R.I. Hospital researchers granted $3.9M to study aggressive brain cancer

RESEARCHERS at Rhode Island Hospital have been awarded $3.9 million by the Warren Alpert Foundation to study and fight glioblastoma, an aggressive and difficult-to-treat form of brain cancer. / COURTESY RHODE ISLAND HOSPITAL
RESEARCHERS at Rhode Island Hospital have been awarded $3.9 million by the Warren Alpert Foundation to study and fight glioblastoma, an aggressive and difficult-to-treat form of brain cancer. / COURTESY RHODE ISLAND HOSPITAL

PROVIDENCE – Researchers at Rhode Island Hospital have received a $3.9 million grant from the Warren Alpert Foundation to study a highly aggressive and intractable form of cancer of the brain, the hospital announced Thursday.

The type of cancer, glioblastoma, is notorious for invading brain tissue, evading treatment and leads to high rates of recurrence, the hospital noted. The median survival time following diagnosis of the cancer is just two years.

The group of physician-scientist researchers will explore the role of epigenetics in the progression of the disease. Epigenetics is the study of how genes are modified without changing the underlying DNA.

The study will examine the potential of using RNA-based mechanisms to stop the migration of the cancer, by targeting proteins rather than genes for treatment. RNA passes information from DNA to proteins.

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The study will be led by Dr. Steven A. Toms, a neurosurgeon and the director of the Brain Tumor Program for the Lifespan Cancer Institute and vice chair of the Department of Neurology at Rhode Island Hospital, and Dr. Nikos Tapinos, an associate professor at the Department of Neurosurgery and director of molecular neuroscience and neuro-oncology research at Rhode Island Hospital.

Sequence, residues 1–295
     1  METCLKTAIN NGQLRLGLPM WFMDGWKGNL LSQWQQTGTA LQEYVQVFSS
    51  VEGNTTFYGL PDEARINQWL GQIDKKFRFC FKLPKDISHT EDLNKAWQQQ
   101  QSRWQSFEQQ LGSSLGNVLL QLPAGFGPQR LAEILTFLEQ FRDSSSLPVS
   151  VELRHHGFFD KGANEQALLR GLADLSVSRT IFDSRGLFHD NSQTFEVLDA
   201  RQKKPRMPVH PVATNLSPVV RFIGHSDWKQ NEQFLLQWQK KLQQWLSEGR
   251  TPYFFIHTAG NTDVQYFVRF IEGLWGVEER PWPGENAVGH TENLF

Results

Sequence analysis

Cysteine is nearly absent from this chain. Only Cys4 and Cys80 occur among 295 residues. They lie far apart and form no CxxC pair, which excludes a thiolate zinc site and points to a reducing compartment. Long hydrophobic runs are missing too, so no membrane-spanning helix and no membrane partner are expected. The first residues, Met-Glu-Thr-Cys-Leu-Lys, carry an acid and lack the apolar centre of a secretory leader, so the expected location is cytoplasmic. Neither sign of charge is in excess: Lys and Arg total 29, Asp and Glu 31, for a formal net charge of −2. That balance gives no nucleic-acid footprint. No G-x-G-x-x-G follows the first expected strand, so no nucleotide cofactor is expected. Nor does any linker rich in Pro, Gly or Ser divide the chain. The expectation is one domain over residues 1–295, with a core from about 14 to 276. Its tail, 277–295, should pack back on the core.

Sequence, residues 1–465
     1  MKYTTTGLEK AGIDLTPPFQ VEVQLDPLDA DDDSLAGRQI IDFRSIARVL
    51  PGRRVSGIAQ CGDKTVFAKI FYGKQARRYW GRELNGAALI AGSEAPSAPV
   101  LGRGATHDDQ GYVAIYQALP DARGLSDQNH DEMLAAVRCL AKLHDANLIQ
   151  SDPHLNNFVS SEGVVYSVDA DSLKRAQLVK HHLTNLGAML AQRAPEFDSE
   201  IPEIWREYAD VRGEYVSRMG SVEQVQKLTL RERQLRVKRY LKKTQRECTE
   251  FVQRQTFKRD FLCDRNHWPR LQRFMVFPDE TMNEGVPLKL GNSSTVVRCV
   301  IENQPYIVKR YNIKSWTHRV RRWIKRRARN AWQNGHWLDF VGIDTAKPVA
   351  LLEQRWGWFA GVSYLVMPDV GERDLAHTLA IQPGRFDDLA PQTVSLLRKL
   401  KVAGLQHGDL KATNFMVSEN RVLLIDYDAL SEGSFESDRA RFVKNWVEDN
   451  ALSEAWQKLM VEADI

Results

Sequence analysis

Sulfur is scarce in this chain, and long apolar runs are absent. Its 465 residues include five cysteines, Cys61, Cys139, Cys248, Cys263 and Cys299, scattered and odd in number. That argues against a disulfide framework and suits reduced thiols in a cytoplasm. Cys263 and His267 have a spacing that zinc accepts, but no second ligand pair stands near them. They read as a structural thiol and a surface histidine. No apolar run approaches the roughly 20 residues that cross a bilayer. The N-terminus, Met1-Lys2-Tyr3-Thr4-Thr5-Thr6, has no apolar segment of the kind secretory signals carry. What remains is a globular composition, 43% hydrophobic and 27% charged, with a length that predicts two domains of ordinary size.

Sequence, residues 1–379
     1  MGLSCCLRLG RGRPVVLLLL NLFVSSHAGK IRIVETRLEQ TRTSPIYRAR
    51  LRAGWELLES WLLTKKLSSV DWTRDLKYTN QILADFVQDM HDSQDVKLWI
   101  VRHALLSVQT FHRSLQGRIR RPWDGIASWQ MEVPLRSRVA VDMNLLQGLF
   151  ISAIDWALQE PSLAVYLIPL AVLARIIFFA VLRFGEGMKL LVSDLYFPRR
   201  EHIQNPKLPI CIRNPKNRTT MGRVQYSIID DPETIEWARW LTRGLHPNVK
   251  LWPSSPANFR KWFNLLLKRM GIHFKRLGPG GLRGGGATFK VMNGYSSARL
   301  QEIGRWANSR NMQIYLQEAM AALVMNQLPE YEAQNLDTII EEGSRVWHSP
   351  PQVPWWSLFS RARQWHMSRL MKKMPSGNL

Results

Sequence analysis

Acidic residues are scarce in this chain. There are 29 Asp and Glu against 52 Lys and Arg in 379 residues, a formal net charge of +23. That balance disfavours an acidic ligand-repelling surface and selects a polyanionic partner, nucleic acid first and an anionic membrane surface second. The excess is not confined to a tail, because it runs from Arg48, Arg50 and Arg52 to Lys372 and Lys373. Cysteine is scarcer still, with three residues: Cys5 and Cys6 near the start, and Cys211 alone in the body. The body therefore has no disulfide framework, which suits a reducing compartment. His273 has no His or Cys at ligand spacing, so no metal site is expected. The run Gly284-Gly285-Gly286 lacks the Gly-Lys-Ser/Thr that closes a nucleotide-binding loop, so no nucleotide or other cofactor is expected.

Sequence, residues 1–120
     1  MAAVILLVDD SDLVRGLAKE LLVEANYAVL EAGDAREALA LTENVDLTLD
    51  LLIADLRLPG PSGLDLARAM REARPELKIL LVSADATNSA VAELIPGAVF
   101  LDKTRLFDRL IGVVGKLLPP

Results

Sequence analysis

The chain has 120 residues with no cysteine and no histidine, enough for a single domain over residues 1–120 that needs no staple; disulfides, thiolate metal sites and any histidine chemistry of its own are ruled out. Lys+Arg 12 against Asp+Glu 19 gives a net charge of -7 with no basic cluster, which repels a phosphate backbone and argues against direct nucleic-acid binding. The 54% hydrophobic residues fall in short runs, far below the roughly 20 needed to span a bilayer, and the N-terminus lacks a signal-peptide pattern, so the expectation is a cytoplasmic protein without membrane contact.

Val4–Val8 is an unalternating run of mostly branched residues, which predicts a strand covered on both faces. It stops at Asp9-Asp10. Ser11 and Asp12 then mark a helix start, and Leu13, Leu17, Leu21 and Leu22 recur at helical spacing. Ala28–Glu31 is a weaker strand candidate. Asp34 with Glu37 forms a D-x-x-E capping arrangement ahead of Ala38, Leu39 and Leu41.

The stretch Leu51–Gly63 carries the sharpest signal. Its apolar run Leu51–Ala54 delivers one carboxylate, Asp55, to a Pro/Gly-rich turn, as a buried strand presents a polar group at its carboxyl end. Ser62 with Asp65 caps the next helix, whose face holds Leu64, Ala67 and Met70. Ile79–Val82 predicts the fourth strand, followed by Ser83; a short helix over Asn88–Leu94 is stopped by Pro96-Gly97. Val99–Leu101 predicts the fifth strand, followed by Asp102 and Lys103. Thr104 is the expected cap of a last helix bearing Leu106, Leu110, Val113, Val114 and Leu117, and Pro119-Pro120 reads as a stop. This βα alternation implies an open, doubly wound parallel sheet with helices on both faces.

“We believe that the RNA-based mechanisms that allow for modifications of gene expression are the ones that we’re going to be able to leverage in cancer therapeutics,” said Tapinos. “If you’re looking at the story of cancer, most all of it involves the epigenetic component.”

The hospital said that understanding how modification produces abnormal cells could aid in the treatment of glioblastoma.

“Glioma tumor cells, as we treat them, adapt to their environment – so what’s really happening in patients’ bodies in real time is evolution in action,” said Toms. “We’re exploring an entirely new front for Glioblastoma and epigenetics.”

The Warren Alpert Foundation is based in Providence and was founded by philanthropist Warren Alpert, founder of Warren Equities Inc.

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